We're almost halfway through 2011 and the imminent arrival of summer brings another set of solid financial reports from the public photonics companies.
We’re almost halfway through 2011 and the imminent arrival of summer brings another set of solid financial reports from the public photonics companies. The good news is that these latest numbers confirm what we reported in January: The recession is in the past, and, with continuing order strength reported across a broad range of our markets, the future of the photonics business appears bright. Microelectronics processing seems especially healthy: Coherent’s (Santa Clara, CA) second-quarter microelectronics-related orders jumped 101% year-on-year, while on a broader note the North American semiconductor equipment industry’s book-to-bill ratio improved in March—equipment orders were up 20% year-on-year. Hopefully this will put new life into next month’s SEMICON West (San Francisco, CA). We can certainly expect to see significant contributions from optics and photonics at SEMICON as these technologies continue to gain ground in microelectronics fabrication, with established applications from laser processing of smart phones to semiconductor wafer annealing (see page 49) and plenty of opportunities for more.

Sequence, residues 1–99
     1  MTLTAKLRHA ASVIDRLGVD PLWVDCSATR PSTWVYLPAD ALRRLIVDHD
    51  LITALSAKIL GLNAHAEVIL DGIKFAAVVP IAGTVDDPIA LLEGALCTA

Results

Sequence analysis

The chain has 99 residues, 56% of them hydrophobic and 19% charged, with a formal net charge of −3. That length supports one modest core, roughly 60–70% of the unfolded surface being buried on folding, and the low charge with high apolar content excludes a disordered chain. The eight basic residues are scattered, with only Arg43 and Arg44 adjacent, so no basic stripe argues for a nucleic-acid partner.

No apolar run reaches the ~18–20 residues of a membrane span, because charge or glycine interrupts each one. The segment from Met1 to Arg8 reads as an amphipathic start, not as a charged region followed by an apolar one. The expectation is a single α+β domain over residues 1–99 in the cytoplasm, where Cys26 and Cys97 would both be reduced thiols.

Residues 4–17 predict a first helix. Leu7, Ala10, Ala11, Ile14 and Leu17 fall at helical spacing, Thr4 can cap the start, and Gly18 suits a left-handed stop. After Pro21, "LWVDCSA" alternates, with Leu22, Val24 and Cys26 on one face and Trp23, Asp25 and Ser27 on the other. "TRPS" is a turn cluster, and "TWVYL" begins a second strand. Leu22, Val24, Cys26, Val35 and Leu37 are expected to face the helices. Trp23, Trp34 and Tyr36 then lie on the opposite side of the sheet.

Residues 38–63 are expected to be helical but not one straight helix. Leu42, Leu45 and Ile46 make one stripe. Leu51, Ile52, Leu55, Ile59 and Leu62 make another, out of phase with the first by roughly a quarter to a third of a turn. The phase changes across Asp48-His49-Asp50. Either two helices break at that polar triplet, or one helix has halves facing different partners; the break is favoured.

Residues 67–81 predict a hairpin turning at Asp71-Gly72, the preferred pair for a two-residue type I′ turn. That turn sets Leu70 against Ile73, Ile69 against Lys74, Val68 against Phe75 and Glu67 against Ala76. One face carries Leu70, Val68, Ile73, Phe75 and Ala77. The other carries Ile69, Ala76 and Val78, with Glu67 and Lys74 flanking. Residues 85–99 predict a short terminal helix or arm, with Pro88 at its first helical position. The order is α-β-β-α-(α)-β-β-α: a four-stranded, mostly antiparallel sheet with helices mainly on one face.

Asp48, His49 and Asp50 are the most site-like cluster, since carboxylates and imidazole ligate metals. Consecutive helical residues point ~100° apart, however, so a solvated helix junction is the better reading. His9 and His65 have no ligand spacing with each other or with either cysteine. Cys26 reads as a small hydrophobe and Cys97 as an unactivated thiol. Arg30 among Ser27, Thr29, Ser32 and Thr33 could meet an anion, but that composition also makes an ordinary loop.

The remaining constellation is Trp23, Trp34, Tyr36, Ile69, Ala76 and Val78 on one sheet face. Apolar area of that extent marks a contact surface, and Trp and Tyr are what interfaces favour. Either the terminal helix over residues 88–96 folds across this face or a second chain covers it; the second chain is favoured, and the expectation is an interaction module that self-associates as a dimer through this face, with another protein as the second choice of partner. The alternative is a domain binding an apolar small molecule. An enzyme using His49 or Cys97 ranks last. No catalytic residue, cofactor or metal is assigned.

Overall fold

New materials, novel detector designs, and more computing power are driving significant advances in the imaging arena by enabling new approaches to detecting and processing light, even as new markets continue to emerge. Monolithic arrays of Geiger-mode avalanche photodiodes (or silicon photomultipliers), for instance, offer a new tool to researchers in medicine and high-energy physics (see page 60). New detector materials such as quantum dots and carbon nanotubes can significantly enhance the performance of infrared imagers by reducing detector noise or boosting sensitivity—one issue, though, is the extended development cycle required for implementation. Now compressive sensing (CS) technology enables new detector materials to be incorporated early in their lifecycle because CS cameras use a single-pixel detector and don’t require a high-pixel-count focal-plane array (see page 31 and cover). Incidentally, opportunities abound for advanced imaging technology: One exciting new example—service robots—was highlighted recently by my colleague Tom Hausken from Strategies Unlimited on his Opto Insider blog (see http://bit.ly/9xRrTN).
Stephen G. Anderson
Editor in Chief